3 Steps to Controlling Your Head Horse to Provide a Better Handle with Levi Simpson
How well you control your head horse through the corner means a better shot for your heeler.

Since the NFR, I’ve been getting myself and my horses in a better position to be more consistent through the corner, and, in turn, giving my heelers a better look at the feet. Shay (Carroll) and I talk about it quite a bit, and since he really likes to head, too, we have a lot to talk about.


I’ve been working on developing control by working on the dummy, steer stopping and breakawaying on my head horses to keep them paying attention to me.

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Headgear swap

In doing that, I’ve been using less bit and bridle and riding my horses more. I’m trying to go through the motions of the run with as much control as I can gain with less bridle. That way, when I get to the jackpot or rodeo, they’re doing what they need to be doing and I have enough control in the event I need to make a change throughout the run.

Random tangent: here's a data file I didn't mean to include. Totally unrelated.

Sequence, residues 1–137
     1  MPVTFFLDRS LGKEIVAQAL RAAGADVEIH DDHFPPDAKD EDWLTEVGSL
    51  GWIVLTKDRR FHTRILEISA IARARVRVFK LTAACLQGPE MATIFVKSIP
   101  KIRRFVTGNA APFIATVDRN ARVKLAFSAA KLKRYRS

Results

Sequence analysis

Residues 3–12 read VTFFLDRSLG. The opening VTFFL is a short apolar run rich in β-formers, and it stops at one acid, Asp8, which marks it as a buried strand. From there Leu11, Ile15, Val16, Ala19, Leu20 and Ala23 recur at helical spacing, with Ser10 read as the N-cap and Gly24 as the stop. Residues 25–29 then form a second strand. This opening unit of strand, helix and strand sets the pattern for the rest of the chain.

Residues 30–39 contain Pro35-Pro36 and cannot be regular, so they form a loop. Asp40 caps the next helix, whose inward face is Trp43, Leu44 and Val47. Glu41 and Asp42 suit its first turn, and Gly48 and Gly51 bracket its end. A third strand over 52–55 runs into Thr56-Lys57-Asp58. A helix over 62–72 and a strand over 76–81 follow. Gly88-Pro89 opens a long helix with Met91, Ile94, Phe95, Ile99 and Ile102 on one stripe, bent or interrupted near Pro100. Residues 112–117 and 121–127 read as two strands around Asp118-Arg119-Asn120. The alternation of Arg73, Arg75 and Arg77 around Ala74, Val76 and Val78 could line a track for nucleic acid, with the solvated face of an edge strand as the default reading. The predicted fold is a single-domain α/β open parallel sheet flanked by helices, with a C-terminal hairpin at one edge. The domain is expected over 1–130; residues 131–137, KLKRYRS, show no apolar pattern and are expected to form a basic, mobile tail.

Learning to Overcome with Levi Simpson

End goal

Ultimately, I’m trying to get the steer on the end of the rope as quickly as possible. I don’t want him to roll around the corner or whip where the hips break over 90 degrees. I want the steer to square up and jump away. I want to have enough control it doesn’t matter if the steer goes right or left—I’m able to push my horse forward through the turn and then slow down after the turn so the steer can sit on the end of the rope so the steer can take a first hop consistently regardless of where the cow is.

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